Before the they walked on the moon on July 20, 1969, the Apollo program astronauts trained in Flagstaff, a small city nestled in a forest of ponderosa pines at the base of the San Francisco Peaks, Arizona’s tallest mountains. In fact, all 24 astronauts who have ever flown to the moon trained in various locations of northern Arizona.
NASA needed a geologically diverse landscape, one rugged and raw, torn and pummeled, and still bearing distinctive scars from a rowdy past. Arizona had plenty of existing craters, exposed canyons, volcanic cinder cones, and lava fields to test NASA’s people, suits, vehicles, and equipment.
Scientists thought the volcanic cinders of the terrain might be similar to what astronauts would find on the moon. Additionally, the nearby Meteor Crater, the best-preserved impact crater on earth, and the great cosmic gash of the Grand Canyon, provided an unmatched geological classroom.
Between January 1963 and November 1972, scientists based in Flagstaff would lead 200 separate geological field-training exercises for NASA’s astronauts.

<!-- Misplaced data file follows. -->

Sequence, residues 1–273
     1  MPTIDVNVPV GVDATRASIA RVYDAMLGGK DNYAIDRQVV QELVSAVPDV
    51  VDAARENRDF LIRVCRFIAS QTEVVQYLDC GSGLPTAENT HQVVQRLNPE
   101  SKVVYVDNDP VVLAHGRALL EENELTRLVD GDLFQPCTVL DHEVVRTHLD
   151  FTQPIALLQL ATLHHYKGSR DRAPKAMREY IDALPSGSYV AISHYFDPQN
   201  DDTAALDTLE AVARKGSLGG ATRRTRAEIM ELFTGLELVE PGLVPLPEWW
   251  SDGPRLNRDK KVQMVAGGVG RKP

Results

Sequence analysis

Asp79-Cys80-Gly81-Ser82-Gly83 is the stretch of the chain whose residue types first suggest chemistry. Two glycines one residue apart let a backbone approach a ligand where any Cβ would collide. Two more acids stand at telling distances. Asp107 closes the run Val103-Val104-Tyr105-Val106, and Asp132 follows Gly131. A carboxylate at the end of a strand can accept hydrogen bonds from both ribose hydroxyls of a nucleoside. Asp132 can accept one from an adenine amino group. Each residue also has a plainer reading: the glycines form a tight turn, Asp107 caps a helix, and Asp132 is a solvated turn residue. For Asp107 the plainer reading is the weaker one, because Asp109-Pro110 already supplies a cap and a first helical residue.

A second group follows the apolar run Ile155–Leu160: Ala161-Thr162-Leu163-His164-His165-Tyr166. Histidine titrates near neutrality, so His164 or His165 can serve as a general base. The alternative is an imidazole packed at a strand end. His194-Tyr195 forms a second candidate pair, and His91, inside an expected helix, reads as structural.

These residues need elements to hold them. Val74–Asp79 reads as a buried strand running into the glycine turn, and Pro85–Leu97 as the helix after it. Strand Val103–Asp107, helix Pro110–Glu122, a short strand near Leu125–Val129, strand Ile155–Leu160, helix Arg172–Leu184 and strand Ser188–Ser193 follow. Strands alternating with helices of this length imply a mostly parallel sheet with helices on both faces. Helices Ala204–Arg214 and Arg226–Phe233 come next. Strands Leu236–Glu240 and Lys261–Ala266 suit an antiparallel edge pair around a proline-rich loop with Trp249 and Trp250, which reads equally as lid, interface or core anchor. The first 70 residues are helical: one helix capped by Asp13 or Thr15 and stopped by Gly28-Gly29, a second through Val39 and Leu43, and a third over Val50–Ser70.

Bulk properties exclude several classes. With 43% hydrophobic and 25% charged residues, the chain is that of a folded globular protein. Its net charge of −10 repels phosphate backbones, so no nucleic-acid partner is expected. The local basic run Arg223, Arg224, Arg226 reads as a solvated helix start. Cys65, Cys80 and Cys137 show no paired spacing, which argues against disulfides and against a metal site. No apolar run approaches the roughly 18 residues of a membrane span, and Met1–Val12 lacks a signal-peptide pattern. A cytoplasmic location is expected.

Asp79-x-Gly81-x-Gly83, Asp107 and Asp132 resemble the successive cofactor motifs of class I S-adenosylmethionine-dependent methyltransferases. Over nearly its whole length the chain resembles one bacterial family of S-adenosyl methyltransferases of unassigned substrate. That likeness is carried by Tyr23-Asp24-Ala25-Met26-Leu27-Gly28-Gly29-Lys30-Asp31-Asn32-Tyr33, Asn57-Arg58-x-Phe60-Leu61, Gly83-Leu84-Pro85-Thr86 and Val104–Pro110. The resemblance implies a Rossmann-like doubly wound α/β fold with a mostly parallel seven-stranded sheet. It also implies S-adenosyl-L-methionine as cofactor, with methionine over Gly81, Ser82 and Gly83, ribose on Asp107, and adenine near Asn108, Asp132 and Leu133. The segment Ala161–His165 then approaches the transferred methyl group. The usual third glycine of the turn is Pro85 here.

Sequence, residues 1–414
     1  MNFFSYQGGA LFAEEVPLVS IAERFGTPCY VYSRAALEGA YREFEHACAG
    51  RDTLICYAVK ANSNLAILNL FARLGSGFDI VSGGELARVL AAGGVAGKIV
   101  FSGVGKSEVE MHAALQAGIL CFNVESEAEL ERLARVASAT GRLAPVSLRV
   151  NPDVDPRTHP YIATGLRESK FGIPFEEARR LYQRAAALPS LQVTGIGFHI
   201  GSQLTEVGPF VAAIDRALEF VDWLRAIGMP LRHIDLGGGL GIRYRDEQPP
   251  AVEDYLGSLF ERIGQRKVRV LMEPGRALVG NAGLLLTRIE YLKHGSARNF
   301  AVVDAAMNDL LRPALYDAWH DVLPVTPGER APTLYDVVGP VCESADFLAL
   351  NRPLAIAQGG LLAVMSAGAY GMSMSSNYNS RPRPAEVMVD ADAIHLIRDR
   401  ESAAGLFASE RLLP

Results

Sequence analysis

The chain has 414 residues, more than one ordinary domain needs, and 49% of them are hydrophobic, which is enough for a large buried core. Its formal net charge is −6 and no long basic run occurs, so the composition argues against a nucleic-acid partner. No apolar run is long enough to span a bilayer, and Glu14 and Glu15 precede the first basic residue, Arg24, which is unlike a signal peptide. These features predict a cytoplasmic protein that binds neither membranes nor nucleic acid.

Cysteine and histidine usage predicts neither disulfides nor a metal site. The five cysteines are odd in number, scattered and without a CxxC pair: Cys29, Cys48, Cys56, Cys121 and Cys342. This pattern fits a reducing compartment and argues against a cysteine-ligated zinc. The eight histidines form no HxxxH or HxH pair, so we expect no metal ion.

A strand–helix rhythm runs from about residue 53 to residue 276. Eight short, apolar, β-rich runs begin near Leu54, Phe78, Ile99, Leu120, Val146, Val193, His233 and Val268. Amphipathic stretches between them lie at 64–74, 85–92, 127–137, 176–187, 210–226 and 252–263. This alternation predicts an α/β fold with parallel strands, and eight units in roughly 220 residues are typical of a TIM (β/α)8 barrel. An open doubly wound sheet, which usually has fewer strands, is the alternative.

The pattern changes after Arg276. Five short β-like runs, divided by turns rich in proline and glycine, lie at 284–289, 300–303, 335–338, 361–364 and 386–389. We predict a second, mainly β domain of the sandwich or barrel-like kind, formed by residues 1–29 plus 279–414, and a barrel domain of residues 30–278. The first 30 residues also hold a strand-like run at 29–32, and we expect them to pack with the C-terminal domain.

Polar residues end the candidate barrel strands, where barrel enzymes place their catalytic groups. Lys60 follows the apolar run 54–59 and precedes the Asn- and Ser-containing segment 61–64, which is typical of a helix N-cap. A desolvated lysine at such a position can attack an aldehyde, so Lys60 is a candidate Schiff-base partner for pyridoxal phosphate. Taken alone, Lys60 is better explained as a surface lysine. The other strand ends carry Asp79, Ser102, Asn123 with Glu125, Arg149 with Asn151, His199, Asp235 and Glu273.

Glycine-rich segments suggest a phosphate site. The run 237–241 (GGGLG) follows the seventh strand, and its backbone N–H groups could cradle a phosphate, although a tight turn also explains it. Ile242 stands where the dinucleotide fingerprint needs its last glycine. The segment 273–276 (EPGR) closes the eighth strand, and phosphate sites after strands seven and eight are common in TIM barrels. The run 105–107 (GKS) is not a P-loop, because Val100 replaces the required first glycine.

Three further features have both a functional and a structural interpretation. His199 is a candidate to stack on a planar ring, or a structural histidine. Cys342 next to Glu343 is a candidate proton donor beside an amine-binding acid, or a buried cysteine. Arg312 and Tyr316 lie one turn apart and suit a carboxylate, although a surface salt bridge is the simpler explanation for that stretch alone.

In 1967 Nasa decided to bring the moon to Flagstaff – or at least a simulation – by blasting craters of their own. Working with the Astrogeology Science Center, a division of the US Geological Survey established in Flagstaff to study solid bodies in the solar system, explosives were used to blow hundreds of craters in the volcanic terrain north of town.
Apollo ran from 1961 to 1972, with the first crewed flight in 1968. It encountered a major setback in 1967 when an Apollo 1 cabin fire killed the entire crew during a prelaunch test.
After the first successful landing, sufficient flight hardware remained for nine follow-on landings with a plan for extended lunar geological and astrophysical exploration.
Budget cuts forced the cancellation of three of these. Five of the remaining six missions achieved successful landings, but the Apollo 13 landing was prevented by an oxygen tank explosion in transit to the Moon, which destroyed the service module’s capability to provide electrical power, crippling the CSM’s propulsion and life support systems.
Apollo set several major human spaceflight milestones. It stands alone in sending crewed missions beyond low Earth orbit. Apollo 8 was the first crewed spacecraft to orbit another celestial body, and Apollo 11 was the first crewed spacecraft to land humans on one.
(Photo credit: USGS / Alan Taylor).